Lecture: 'Native New England: Resistance, Reclamation, Revitalization'
October 4, 2017
4:00 pm-6:00 pm
Integrated Sciences Building
UMass Amherst Campus
Abenaki scholar Lisa Brooks will discuss the history of Indigenous resistance and adaptation to colonialism in New England, from the “First Indian War” (King Philip’s War, 1675-78) and 18th century Wabanaki dam protests to contemporary struggles to retain and protect sovereignty and sustenance.
Native leaders, artists and activists have used a variety of innovative tools toward reclamation and revitalization, including technologies like writing, filmmaking, and unexpected digital forms. She will discuss the ways in which environmental and social justice are often intertwined and lay the groundwork for imagining alternative futures through the renewal of relationships of alliance and reciprocity.
Brooks is associate professor of English and American studies at Amherst College. Her first book, The Common Pot: The Recovery of Native Space in the Northeast, reframes the historical and literary landscape of the northeast, and received the Media Ecology Association's Dorothy Lee Award for Outstanding Scholarship in the Ecology of Culture in 2011. Although deeply rooted in her Abenaki homeland, Brooks’s work has been widely influential in a global network of scholars. She served on the inaugural Council of the Native American and Indigenous Studies Association (NAISA), and currently serves on the editorial boards of SAIL and Ethnohistory. She also works on the advisory board of Gedakina, a non-profit organization focused on Indigenous cultural revitalization, traditional ecological knowledge, and community wellness in New England. Her second book, Our Beloved Kin: A New History of King Philip’s War is forthcoming from Yale University Press (January 2018).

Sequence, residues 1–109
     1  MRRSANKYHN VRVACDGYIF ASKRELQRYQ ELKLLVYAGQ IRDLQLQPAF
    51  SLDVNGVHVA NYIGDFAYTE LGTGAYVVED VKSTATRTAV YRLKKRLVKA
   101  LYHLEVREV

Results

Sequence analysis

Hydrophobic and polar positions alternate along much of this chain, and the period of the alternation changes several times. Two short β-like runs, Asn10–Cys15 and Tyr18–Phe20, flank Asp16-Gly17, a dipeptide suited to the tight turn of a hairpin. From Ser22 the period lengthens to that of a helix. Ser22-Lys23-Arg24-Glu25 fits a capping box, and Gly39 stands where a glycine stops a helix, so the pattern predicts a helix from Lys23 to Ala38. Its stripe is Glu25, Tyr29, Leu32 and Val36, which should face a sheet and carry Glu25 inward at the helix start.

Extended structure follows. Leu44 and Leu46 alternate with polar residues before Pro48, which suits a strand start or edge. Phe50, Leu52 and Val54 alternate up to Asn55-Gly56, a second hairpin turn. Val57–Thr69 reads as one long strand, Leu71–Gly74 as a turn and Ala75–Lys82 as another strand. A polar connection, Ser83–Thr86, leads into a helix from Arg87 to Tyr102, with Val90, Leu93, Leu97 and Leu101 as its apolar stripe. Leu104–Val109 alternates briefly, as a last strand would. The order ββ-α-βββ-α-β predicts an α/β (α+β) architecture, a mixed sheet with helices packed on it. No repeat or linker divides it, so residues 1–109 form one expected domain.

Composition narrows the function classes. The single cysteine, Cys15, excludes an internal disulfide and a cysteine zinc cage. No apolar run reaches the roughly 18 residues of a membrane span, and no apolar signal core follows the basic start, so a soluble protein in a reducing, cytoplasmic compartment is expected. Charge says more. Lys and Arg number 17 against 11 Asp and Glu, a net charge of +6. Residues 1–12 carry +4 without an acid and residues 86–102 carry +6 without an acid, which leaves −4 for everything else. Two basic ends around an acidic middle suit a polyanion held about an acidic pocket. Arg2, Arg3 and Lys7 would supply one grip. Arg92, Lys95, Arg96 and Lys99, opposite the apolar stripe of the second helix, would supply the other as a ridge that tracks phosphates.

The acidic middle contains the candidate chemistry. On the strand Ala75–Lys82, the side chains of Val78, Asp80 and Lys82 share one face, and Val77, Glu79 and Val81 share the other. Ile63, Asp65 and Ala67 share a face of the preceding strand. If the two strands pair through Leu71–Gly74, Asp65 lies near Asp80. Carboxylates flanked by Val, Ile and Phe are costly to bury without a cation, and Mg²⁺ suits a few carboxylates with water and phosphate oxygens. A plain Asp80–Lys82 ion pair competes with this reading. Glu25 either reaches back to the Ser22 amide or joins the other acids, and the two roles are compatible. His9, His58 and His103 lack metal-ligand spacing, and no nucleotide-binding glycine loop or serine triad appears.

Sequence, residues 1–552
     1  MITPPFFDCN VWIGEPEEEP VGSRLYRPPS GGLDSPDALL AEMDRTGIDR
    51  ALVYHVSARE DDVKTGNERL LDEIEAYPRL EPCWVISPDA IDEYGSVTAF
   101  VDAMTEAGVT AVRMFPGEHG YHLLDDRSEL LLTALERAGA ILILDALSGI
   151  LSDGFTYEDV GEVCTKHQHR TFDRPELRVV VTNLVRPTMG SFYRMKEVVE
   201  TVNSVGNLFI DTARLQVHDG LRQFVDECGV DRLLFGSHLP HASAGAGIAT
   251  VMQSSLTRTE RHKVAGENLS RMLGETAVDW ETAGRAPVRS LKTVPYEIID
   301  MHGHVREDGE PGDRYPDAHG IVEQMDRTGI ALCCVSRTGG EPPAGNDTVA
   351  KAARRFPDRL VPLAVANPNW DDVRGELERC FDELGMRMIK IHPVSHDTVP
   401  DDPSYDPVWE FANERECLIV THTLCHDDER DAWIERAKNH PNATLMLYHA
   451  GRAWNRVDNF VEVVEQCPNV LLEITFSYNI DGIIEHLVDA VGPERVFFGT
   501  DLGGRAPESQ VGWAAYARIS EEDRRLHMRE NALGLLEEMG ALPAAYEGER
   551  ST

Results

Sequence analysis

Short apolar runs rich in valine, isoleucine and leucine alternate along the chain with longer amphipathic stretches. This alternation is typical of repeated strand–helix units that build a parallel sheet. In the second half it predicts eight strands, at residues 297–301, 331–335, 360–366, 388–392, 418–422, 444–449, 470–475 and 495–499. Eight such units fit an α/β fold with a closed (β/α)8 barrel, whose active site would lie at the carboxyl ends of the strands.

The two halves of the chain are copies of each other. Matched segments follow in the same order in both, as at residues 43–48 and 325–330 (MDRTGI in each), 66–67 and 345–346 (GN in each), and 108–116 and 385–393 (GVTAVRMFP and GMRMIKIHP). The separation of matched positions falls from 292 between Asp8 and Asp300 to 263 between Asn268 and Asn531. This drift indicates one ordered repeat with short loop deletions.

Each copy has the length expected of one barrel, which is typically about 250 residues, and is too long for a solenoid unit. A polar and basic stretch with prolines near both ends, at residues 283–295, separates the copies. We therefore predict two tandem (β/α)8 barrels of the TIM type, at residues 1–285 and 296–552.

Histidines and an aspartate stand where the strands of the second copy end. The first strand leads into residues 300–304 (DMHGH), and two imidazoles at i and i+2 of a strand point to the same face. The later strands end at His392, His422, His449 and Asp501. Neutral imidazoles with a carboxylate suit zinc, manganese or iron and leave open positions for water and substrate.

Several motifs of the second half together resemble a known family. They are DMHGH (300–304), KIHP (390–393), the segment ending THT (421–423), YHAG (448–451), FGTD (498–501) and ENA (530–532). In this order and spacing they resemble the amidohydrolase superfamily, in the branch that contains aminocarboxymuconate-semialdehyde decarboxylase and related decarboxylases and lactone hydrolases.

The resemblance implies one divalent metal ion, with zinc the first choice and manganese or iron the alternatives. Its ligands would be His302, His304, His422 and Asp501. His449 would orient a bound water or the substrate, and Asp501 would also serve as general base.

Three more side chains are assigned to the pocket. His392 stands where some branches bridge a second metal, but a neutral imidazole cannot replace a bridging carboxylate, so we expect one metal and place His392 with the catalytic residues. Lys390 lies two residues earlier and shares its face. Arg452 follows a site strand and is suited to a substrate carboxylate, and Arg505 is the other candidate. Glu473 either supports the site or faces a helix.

The lecture is part of the Resistance Studies Initiative Fall Speaker Series, in which distinguished researchers and activists share critical reflections on resistance issues.
Refreshments will be served.